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Emmett Till’s accuser will not be charged by the Justice Department (video)

Emmett Till's accuser will not be charged by the Justice Department (video)
Emmitt Till (Image source:  YouTube/ABC News screenshot)

The U.S. Department of Justice has announced that they will not charge the woman who falsely accused Emmett Till of making lewd sexual remarks to her, which got him brutally killed and then dumped in a Mississippi river in 1955.

There is not enough evidence to support an author’s claim that Carolyn Bryant Donham recanted her story that Till touched her and whistled at her inside a store she owned in Money, Mississippi, the Federal Bureau of Investigation concluded, according to ABC News.

After the FBI conducted painstaking interviews with Donham, the bureau concluded that the statute of limitations, along with her denial that she changed her account of that encounter with Till, makes it impossible for the Justice Department to move forward with prosecuting her.

The Black teen’s gruesome killing made international headlines when Till’s mother, Mamie Till, decided to have an open coffin at her son’s funeral which showed much he had been battered and mutilated by Donham’s husband, Roy Bryant, and his half brother. It has been called the true beginning of the Civil Rights Movement. The two White men later admitted to killing Till, though it came after they were acquitted of the crime by an all-White jury. The men are now deceased.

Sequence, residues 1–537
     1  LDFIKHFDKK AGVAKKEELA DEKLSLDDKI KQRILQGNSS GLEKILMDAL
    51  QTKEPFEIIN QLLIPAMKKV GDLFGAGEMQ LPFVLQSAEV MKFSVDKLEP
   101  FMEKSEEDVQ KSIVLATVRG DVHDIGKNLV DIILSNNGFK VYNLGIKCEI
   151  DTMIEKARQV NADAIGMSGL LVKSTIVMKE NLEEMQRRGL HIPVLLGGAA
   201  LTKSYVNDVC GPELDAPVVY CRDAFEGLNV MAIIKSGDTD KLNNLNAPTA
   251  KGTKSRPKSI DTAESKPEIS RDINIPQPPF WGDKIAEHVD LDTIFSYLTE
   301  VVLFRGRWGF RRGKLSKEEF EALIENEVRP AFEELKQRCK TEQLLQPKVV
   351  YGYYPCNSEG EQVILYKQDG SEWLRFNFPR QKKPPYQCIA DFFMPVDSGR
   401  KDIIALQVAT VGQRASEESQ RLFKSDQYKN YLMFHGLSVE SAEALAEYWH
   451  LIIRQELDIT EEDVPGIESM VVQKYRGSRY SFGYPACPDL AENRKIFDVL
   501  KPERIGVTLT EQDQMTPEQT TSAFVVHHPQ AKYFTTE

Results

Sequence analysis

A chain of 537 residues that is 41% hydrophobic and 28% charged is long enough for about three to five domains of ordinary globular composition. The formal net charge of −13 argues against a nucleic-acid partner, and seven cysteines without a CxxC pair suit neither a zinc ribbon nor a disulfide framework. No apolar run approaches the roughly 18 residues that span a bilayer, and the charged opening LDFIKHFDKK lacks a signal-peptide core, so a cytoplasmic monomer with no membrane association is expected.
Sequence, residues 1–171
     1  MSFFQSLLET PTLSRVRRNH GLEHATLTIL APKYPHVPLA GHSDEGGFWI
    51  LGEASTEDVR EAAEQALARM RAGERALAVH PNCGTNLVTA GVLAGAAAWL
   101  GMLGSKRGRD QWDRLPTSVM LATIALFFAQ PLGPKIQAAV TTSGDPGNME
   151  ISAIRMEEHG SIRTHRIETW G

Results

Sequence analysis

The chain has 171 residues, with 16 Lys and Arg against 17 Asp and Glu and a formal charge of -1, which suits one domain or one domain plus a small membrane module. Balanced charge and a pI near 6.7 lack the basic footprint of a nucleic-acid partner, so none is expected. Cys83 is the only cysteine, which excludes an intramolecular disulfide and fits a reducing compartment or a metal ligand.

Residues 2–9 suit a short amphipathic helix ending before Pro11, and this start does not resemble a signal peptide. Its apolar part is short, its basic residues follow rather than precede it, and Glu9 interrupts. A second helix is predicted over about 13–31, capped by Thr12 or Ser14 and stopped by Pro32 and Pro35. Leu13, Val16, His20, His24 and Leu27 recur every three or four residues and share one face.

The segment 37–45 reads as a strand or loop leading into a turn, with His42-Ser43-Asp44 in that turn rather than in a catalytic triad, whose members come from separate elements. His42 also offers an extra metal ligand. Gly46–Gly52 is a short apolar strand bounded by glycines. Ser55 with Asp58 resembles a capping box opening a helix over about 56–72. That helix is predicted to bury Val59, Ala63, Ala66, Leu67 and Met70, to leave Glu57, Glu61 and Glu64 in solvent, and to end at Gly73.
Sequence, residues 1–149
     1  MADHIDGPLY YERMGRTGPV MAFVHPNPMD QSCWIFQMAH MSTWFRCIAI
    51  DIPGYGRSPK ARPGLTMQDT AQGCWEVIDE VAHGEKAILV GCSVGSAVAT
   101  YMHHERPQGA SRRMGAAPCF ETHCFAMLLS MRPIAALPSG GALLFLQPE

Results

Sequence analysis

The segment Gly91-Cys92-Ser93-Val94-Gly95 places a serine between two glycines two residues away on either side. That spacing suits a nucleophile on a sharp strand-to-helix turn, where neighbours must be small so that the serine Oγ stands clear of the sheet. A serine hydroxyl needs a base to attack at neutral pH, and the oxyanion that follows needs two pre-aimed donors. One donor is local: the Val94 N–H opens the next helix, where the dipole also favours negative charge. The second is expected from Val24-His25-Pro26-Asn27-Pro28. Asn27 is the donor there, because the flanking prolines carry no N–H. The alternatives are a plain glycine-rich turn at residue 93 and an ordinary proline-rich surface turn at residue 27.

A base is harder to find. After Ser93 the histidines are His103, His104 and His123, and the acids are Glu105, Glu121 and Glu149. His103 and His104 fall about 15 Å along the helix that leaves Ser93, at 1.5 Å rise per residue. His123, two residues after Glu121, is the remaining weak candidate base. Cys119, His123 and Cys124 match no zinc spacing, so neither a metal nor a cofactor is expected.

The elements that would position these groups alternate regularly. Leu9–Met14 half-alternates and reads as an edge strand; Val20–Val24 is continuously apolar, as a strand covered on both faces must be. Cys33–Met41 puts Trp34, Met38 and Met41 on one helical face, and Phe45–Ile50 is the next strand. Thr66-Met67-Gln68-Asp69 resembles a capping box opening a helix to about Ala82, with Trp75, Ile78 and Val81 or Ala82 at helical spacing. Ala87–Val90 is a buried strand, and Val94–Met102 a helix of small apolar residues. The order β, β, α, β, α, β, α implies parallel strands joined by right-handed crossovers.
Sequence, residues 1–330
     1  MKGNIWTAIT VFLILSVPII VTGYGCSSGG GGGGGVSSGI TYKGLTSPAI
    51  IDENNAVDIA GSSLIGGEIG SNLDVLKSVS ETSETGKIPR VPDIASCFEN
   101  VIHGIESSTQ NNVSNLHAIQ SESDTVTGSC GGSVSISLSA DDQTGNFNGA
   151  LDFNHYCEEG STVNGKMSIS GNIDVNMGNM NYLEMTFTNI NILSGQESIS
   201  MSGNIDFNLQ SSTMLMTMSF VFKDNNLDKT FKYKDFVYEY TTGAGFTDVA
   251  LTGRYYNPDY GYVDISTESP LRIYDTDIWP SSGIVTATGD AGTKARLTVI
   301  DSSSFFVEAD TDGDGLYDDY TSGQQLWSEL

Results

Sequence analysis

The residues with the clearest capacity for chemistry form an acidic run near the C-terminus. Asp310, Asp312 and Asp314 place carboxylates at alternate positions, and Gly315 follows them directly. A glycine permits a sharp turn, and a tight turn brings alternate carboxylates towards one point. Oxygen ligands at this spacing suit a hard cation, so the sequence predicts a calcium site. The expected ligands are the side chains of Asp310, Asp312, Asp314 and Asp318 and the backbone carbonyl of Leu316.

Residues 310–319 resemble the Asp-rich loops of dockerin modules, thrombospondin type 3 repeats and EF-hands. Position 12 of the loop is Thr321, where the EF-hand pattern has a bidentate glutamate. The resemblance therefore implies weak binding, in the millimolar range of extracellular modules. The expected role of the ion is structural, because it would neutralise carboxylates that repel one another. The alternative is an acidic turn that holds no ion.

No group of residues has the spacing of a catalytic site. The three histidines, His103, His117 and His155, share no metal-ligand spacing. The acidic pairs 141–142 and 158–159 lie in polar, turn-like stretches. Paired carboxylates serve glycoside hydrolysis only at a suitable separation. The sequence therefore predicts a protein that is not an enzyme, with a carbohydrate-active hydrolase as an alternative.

Timothy B. Tyson published the book The Blood of Emmett Till in 2017 where he claims that Donham had recanted her testimony in a 2008 interview by saying the previous version of her account to the police were “not true.”

“Nothing that boy did could ever justify what happened to him,” Tyson, Duke University historian and researcher, claims that Donham said to him. 

Those published words dug up old wounds and incited passionate calls for the Justice Department to reopen the case. However, the head of Justice’s civil rights division, Kristen Clarke, told the family personally that the case has now been closed for good.

During a news conference in Chicago, where Emmett Till was born and raised, the surviving family members conveyed their hurt by the Justice Department’s decision. They added, however, that they were not surprised.

“I did not expect that they would have found any new evidence,” said an Emmett Till cousin, Ollie Gordon, according to ABC News. “I ask where do we go from here.”

Rev. Wheeler Parker Jr. has had to live with the horror of that night for 66 years. He was a child in that infamous Mississippi house when White men busted in the door and snatched Till up in the middle of the night. Parker never saw Till again.

“Today is a day that we will never forget,” Parker said. “For 66 years we have suffered pain for his loss, and I suffered tremendously because of the way that they painted him.”

Flip the page to view the full news report on the Justice Department’s decision to close the case on Till.

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